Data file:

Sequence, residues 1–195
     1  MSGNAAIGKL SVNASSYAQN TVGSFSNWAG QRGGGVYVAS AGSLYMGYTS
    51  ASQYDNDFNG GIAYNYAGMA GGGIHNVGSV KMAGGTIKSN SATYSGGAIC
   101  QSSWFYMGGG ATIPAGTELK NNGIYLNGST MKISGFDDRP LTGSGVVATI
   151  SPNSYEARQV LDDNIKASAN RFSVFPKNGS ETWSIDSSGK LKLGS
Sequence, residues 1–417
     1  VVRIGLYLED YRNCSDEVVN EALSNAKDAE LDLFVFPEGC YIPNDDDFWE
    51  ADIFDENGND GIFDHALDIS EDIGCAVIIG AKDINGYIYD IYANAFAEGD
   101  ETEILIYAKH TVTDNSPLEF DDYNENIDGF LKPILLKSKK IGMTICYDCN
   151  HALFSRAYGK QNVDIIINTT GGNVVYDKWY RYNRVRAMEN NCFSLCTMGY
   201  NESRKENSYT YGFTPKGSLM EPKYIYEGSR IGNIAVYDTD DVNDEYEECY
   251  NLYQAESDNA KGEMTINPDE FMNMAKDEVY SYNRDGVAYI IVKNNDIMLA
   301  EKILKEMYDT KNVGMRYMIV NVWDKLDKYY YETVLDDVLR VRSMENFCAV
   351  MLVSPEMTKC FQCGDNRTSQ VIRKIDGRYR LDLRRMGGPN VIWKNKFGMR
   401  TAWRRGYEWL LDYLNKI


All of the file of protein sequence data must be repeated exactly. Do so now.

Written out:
Sequence, residues 1–195
     1  MSGNAAIGKL SVNASSYAQN TVGSFSNWAG QRGGGVYVAS AGSLYMGYTS
    51  ASQYDNDFNG GIAYNYAGMA GGGIHNVGSV KMAGGTIKSN SATYSGGAIC
   101  QSSWFYMGGG ATIPAGTELK NNGIYLNGST MKISGFDDRP LTGSGVVATI
   151  SPNSYEARQV LDDNIKASAN RFSVFPKNGS ETWSIDSSGK LKLGS
Sequence, residues 1–417
     1  VVRIGLYLED YRNCSDEVVN EALSNAKDAE LDLFVFPEGC YIPNDDDFWE
    51  ADIFDENGND GIFDHALDIS EDIGCAVIIG AKDINGYIYD IYANAFAEGD
   101  ETEILIYAKH TVTDNSPLEF DDYNENIDGF LKPILLKSKK IGMTICYDCN
   151  HALFSRAYGK QNVDIIINTT GGNVVYDKWY RYNRVRAMEN NCFSLCTMGY
   201  NESRKENSYT YGFTPKGSLM EPKYIYEGSR IGNIAVYDTD DVNDEYEECY
   251  NLYQAESDNA KGEMTINPDE FMNMAKDEVY SYNRDGVAYI IVKNNDIMLA
   301  EKILKEMYDT KNVGMRYMIV NVWDKLDKYY YETVLDDVLR VRSMENFCAV
   351  MLVSPEMTKC FQCGDNRTSQ VIRKIDGRYR LDLRRMGGPN VIWKNKFGMR
   401  TAWRRGYEWL LDYLNKI